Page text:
German Conservative Party

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The following article is from The Great Soviet Encyclopedia (1979). It might be outdated or ideologically biased.

German Conservative Party


(Deutschkonservative Partei),a German political party that existed from 1876 to 1918 as the successor to the Conservative Party of Prussia.

The German Conservative Party expressed the interests of the Junkers (Prussian landed nobility) and the aristocracy, as well as of the army command and the upper ranks of the clergy and bureaucracy. The party advocated maximum expansion of the army and navy, germanization of Polish lands seized by the Junkers, and ruthless suppression of the liberation struggle in the German colonies. The party also opposed democratization of Prussia’s political system.

During World War I (1914–18), the German Conservative Party vigorously supported German imperialism’s attempted course toward world domination. The party disintegrated after the November Revolution of 1918; a substantial portion of its membership joined the newly formed German National People’s Party (Deutschnationale Volkspartei).


Die bürgerlichen Parteien in Deutschland, vol. 1. Leipzig, 1968. Pages 673–701.
Booms, H. Die Deutschkonservative Partei. Düsseldorf, 1954.
The Great Soviet Encyclopedia, 3rd Edition (1970-1979). © 2010 The Gale Group, Inc. All rights reserved.
References in periodicals archive ?
They are known as National Democratic Party of Germany, German People's Union, German League for People and Homeland, The Republicans, German Heathen's Front, All-Germanic Heathen's Front, Gesinnungsgemeinschaft der Neuen Front, National Offensive, German Alternative, Free German Workers' Party, Action Front of National Socialists/National Activists, (Aktionsfront Nationaler Sozialisten/Nationale Aktivisten; Nationalist Front, The Junge Front (Young Front), Viking Youth, Socialist Reich Party of Germany, German Reich Party and German Conservative Party: German Right Party.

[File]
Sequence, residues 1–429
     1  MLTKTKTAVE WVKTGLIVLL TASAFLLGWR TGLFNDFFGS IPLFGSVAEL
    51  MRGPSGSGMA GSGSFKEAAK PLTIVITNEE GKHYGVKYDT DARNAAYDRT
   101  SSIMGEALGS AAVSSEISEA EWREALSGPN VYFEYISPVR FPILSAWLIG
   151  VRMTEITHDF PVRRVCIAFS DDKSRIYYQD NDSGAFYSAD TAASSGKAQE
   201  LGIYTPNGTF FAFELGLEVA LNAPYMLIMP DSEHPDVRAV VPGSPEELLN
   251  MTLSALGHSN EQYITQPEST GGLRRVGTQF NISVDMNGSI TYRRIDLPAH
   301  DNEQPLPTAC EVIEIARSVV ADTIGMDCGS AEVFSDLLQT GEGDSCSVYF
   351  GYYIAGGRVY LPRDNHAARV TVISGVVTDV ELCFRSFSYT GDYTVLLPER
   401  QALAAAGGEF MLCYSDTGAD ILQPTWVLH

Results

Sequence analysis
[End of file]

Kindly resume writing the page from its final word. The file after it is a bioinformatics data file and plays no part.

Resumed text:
German leader mentions Greek euro exit: Greece should decide on its own to quit the eurozone 'if it is not willing or able to meet its commitments,' said a German Conservative party leader in an interview published by Der Spiegel, on 17 February.
Meanwhile, the head of the main German conservative party in the parliament, Werner Langen, said that his group also had concerns over Finland's liberal candidate for the post of economic affairs commissioner, Olli Rehn, whose hearing was on Monday, calling his performance "subdued", DPA reports.

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